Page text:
Measures of Success
Student Teaching Survey Reports
At the end of each student teaching placement, both the candidates and their supervising teachers are asked to complete a survey to rate the quality of preparation for the field, as well as the effectiveness of the university supervisor, and processes set by the Office of Clinical Experiences. Stakeholders are asked questions requiring Likert scale rankings, as well as those allowing for qualitative responses. . The responses range from 1 (strongly disagree) to 5 (strongly agree).
Overall Survey Results
The surveys completed by both teacher candidates and supervising teachers at the end of the student teaching placement include similar questions as to their perceived preparation/readiness for student teaching. The results of these surveys for the three reporting years are presented below.
|Q1: Assume classroom teaching responsibilities||4.47||4.39||4.51||4.49||4.43||4.41|
|Q2: Integrate state academic standards into lesson plans||4.31||4.2||4.38||4.36||4.37||4.37|
|Q3: Plan assessments to monitor student growth||4.31||4.2||4.25||4.14||4.24||4.13|
|Q4: Utilize assessment data to guide instruction||4.13||3.91||4.16||4.1||4.18||4.13|
|Q5: Provide feedback to guide students’ further learning||--||--||4.38||4.34||4.38||4.35|
|Q6: Individualize and differentiate instruction to reach all students||4.18||4.07||4.25||4.09||4.09||4.11|
|Q7: Manage classroom||--||--||4.05||4.01||3.81||4.03|
|Q8: Student teach in my subject/content area||--||--||4.64||4.48||4.47||4.53|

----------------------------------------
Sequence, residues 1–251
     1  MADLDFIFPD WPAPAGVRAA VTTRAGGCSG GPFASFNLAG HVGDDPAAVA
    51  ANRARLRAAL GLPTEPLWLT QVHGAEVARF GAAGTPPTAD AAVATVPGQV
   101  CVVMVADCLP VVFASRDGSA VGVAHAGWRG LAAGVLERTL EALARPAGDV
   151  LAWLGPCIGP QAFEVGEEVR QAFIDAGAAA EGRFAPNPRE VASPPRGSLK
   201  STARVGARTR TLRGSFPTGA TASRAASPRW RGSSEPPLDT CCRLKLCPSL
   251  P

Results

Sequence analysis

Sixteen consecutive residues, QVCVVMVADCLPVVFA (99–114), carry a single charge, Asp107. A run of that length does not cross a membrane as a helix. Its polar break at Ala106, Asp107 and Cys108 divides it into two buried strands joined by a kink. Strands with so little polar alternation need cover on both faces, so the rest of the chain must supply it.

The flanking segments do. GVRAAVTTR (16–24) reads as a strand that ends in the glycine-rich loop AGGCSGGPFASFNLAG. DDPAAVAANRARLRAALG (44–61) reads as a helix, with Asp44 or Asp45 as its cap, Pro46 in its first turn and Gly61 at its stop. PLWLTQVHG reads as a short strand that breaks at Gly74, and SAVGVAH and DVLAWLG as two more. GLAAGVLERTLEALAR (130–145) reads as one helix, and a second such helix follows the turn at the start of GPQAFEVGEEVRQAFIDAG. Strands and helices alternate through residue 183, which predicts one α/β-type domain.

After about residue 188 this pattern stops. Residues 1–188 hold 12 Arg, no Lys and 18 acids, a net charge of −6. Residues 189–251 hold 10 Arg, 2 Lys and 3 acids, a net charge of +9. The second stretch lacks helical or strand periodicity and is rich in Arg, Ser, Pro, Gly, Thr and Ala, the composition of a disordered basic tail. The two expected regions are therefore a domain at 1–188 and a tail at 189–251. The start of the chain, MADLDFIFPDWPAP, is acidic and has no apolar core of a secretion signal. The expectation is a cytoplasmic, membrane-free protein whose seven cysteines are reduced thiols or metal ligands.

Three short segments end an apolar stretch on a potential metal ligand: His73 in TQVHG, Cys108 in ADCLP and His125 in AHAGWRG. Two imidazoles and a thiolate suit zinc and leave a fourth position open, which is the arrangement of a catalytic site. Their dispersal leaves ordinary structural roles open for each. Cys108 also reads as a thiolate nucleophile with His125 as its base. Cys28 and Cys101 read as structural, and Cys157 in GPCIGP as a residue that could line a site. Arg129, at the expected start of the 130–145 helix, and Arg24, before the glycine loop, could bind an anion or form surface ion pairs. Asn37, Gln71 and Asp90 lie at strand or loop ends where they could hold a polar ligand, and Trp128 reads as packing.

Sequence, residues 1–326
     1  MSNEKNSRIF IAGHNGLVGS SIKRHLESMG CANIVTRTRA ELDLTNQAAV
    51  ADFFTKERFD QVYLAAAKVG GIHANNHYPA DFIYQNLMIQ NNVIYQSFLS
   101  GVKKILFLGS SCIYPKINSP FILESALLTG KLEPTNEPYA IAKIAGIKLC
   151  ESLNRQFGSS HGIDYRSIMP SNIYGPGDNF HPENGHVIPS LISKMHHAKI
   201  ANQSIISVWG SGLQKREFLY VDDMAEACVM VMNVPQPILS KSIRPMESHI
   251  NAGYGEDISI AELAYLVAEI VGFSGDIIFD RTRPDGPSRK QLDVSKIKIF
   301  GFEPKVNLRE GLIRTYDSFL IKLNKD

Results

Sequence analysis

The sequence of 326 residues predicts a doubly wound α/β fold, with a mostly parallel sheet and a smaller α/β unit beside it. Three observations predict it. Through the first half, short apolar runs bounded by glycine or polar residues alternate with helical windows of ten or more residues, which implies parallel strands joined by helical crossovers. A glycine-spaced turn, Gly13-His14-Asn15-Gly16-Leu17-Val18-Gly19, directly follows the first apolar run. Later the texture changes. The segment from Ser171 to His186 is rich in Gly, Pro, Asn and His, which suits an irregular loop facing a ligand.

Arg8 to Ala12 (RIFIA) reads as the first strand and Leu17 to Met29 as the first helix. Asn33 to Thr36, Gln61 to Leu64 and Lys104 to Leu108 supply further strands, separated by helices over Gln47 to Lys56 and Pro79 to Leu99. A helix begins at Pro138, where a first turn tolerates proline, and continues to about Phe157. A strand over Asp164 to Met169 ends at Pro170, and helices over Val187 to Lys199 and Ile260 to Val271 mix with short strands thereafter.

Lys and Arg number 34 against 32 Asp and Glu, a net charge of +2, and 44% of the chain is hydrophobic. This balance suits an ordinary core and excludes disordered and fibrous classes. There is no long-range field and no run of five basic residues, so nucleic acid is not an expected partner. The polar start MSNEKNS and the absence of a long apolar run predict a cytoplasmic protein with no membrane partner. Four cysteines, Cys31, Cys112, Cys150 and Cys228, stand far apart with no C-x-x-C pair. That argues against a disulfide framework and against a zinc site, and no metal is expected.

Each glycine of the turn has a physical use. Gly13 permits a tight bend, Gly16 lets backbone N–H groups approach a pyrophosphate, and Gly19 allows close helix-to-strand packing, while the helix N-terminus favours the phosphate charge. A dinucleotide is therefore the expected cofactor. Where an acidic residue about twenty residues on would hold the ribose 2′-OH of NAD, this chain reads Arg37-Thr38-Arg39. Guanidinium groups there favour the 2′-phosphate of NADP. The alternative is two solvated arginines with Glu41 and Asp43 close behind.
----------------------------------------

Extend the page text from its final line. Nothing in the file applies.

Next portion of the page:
|Q9: Assume professional teaching responsibilities, such as working with parents||--||--||4.21||4.24||4.1||4.21|
Over the three years, there has been a strong response rate from both sets of stakeholders. Consistent strengths noted by both the candidates and their supervising teachers over these three years include preparation to assume classroom teaching responsibilities, to teach their subject/content area, to integrate state college and career-ready standards into lesson plans, and to provide feedback to guide students’ further learning. Candidates and supervising teachers were specifically asked about candidates’ preparedness to “Individualize and differentiate instruction to teach all students.” This area was the second lowest area of confidence for teacher candidates, with the exception of special education candidates at both the elementary and secondary levels. These candidates consistently ranked their ability to individualize and differential instruction as higher than most other areas of preparation. The area in which both sets of stakeholders believe that candidates are less prepared is in the area of classroom management. Overall, both the teacher candidates and supervising teachers ratings consistently were agree to strongly agree with respect to the candidates’ preparation to student teach, with a few exceptions.